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The Tax Plan Cometh? Here's What Will Happen if Yahoo Doesn't Cough Up an Alibaba Solution.

So what exactly does Wall Street want and want now?

You might not think that Yahoo’s fourth-quarter earnings make for riveting fare. But Wall Street’s anticipation of what the company will say by tomorrow about plans to deal with its $40 billion stake in China’s Alibaba is pretty much the most interesting thing to come along in a while regarding the Silicon Valley Internet giant.

Investors are certainly not expecting exciting new products. After all, besides the splashy refurbishment of a lot of old ones, there is very little that has been innovated at Yahoo over the last several years. No one is buying the stock with the assumption that the next Instagram is being invented there right now.

And they are also not particularly focused on goosing revenue. Most stockholders have largely been giving Yahoo’s leadership a pass here, as its execs have tried to stanch the dramatic falloff in advertising sales and find new growth — a valiant effort that so far has gained little traction.

Most of all, shareholders do not want to see some bold acquisition that points the way to the future. In fact, an increasing number have been pressuring Yahoo not to buy much of anything at all. No CNN! No Flipboard! No nothing! Instead, they want the company to hand back the money it has been gifted due to a canny, long-ago investment made by one of its co-founders.

So what exactly does Wall Street want and want now?

“The Street widely believes that [Yahoo will] announce a spin of Alibaba (not with Yahoo! Japan) and a small operating business into a separately traded company,” said Robert Peck, a managing director at SunTrust, echoing a common expectation. “This should be tax free.”

Tax free, in fact, is precisely what investors are demanding from CEO Marissa Mayer and CFO Ken Goldman. That’s because the massive windfall from Alibaba is taxed at a 35 percent rate, if there is nothing done — Yahoo has already paid $3 billion on a $10 billion portion of Alibaba it sold last year.

Goldman, in particular, has spent the last few months winking and nodding to shareholders that this is what will be delivered sometime before or at the time when earnings are announced. (Numerous Yahoo insiders said Mayer is much less sanguine about the move and, in fact, would like to keep all the money for a number of ambitious initiatives.)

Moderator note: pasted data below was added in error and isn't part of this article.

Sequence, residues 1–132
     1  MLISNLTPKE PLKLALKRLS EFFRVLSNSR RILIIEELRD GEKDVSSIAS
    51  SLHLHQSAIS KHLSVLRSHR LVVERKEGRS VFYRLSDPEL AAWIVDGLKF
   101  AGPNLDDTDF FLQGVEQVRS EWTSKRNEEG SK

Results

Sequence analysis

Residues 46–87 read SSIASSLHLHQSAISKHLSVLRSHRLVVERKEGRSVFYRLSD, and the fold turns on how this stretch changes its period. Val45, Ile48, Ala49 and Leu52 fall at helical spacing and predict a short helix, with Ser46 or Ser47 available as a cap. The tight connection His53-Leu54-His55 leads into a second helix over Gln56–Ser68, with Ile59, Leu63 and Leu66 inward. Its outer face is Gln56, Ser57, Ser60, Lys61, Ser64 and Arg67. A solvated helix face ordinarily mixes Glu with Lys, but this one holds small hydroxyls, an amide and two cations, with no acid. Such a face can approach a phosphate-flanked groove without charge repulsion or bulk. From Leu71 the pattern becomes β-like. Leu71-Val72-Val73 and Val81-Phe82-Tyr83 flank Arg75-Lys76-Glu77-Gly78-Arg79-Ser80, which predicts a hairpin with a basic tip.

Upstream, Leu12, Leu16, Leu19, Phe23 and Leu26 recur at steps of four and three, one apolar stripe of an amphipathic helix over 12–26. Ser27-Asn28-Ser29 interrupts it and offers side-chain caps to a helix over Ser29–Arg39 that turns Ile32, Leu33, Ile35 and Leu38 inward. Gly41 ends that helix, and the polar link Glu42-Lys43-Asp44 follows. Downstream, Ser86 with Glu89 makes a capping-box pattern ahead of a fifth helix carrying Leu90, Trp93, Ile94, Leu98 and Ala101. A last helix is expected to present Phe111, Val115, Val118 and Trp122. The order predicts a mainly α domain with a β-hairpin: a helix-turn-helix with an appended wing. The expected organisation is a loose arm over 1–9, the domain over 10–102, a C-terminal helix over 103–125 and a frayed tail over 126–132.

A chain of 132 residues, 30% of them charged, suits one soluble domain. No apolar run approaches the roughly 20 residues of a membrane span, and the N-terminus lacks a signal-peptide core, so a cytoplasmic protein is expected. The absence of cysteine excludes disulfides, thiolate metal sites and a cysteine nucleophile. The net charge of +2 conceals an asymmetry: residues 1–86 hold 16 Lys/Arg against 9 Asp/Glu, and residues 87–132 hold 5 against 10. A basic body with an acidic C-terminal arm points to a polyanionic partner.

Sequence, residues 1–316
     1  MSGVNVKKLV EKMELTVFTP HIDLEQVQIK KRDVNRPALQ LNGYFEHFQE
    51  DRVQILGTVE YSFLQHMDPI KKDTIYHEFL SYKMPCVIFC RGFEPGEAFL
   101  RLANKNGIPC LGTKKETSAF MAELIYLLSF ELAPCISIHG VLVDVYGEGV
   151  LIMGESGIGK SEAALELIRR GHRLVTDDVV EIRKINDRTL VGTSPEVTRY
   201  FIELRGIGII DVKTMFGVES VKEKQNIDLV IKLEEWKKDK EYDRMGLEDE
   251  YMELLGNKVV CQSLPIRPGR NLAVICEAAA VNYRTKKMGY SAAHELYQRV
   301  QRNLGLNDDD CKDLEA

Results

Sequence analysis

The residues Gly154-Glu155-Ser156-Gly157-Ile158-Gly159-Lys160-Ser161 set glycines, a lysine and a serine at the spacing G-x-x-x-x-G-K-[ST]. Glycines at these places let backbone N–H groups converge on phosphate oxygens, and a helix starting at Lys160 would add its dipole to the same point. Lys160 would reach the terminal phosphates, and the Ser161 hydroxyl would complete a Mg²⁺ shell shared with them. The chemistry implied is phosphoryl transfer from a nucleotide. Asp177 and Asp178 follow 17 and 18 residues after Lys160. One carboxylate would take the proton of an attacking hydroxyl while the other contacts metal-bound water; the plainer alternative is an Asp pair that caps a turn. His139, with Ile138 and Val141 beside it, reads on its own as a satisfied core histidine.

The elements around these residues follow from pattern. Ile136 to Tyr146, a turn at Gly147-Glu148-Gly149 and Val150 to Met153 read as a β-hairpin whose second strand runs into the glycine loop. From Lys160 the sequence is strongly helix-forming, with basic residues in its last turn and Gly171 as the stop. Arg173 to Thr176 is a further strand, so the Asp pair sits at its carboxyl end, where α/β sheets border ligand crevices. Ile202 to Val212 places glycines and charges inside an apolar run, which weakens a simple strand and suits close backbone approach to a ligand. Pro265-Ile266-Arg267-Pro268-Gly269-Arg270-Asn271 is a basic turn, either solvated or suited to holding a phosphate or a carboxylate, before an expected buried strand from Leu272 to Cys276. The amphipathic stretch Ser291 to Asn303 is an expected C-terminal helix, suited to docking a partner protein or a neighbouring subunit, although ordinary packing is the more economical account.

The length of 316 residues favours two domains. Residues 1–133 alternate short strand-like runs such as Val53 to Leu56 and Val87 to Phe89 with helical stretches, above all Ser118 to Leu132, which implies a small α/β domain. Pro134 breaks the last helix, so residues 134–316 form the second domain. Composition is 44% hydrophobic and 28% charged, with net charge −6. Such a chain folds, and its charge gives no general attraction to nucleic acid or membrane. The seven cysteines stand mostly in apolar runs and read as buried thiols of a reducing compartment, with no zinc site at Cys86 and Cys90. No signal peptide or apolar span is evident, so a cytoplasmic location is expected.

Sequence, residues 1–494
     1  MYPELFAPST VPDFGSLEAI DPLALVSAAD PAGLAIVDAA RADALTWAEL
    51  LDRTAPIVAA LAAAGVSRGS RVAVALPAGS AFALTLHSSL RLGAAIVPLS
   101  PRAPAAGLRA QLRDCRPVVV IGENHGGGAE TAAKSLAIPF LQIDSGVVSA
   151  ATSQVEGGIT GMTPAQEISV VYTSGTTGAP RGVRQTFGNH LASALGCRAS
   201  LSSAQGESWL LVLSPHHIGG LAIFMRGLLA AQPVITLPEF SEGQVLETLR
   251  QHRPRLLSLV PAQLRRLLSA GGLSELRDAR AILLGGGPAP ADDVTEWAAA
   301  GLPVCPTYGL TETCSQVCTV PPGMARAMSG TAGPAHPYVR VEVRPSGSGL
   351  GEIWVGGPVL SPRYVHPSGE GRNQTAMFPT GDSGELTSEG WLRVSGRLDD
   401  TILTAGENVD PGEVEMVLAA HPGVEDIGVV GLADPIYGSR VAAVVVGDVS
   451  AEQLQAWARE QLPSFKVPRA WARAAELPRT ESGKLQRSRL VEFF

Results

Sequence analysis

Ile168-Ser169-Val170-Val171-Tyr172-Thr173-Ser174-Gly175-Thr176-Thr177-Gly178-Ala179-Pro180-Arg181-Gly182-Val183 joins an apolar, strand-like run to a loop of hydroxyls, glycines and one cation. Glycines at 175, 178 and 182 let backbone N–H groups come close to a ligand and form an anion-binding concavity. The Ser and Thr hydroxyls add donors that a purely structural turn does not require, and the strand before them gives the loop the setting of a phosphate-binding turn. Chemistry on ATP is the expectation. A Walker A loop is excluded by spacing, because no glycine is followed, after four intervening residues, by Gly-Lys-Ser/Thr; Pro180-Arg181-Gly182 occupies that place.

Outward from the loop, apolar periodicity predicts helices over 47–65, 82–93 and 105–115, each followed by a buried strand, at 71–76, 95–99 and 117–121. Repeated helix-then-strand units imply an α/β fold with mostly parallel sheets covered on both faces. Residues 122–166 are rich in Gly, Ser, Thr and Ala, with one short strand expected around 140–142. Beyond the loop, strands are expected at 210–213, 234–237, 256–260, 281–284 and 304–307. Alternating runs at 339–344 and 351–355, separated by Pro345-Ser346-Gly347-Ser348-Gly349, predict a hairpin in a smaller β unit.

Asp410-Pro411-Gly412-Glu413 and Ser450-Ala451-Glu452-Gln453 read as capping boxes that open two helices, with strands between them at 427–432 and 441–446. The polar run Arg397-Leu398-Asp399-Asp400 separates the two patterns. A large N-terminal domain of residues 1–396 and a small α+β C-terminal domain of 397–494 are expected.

Perhaps that is why the pair is taking it down to the wire — there are only 24 hours or so left, as the clock runs out to put that plan on the table outlining what Yahoo will do with its remaining stake in Alibaba.

To be clear, whatever is announced, if it is announced at all, cannot actually be done until October, which is when the lockup agreement from the Alibaba IPO ends. That includes the most likely tax technique Peck is referring to.

This move is called a Reverse Morris Trust, in which the core business of Yahoo is spun off, leaving behind the Alibaba investment, along with a small operating entity. While there are some dicey technicalities here — including how regulators look at a company that is essentially an investment vehicle — this is the plan most investors are expecting.

Among the risks of spinning off the Asian assets — which also include a large and lucrative stake in SoftBank’s Yahoo Japan — is that the market cap of the core Yahoo left behind is considerably smaller. That, in turn, makes it an easier swallow for a strategic buyer or a private equity firm.

“Right now the Asian stakes are acting like a poison pill for Yahoo,” said one investor who has looked into taking Yahoo private. “Once those go away, the company does not have those built-in protections.”

There are other options too, but what cannot happen, said the panoply of investors I spoke to, is lack of clarity on the issue from Yahoo. If the typically fastidious Mayer is not clear, most agreed that there will be a lot of trouble for the company, which is already suffering a mounting level of shareholder dissatisfaction, despite a very high stock price.

“They have to show an intention to do something, even if they do not have to spin the whole 12 percent of the asset,” said one major investor. “It will be hard to balance the tax pressure with keeping an ability to invest for the future, but that is the eye of the needle Mayer has to slip through.”

Intention to act, said many, should be enough to satisfy investors and, perhaps more importantly, stave off a proxy fight from activist shareholder Starboard Value. As most know, the investment firm has been been publicly pressuring Mayer to turn over the dough and perhaps also make some kind of grand gesture like purchasing AOL.

“There are a lot of anxious hedge funds worried she won’t announce anything or only give an ‘update without any final plan/decision,'” said Eric Jackson, an investor who has turned into a vocal critic of Mayer of late. “I worry too, but I think she will announce a spinoff of the core business from the Alibaba stake.”

Jackson said that if Mayer announces something, the stock should go up.

What comes after that, though, is perhaps the hard question. Without its rich Asian stake, Mayer has some really heavy lifting at Yahoo, despite all her onerous efforts so far.

“Longer term, beyond 2015, I think she’s looking at a real difficult time turning around the core. Maybe she can win the iPhone deal this year and pull some other levers to make search and display revenue look like it’s growing,” said Jackson, referring to Yahoo acing out Google for Apple’s mobile search business. “Going into 2016, though, I think it’s going to be a lot tougher and she’d be smart to sell the core biz before that.”

Like I said, riveting.

This article originally appeared on

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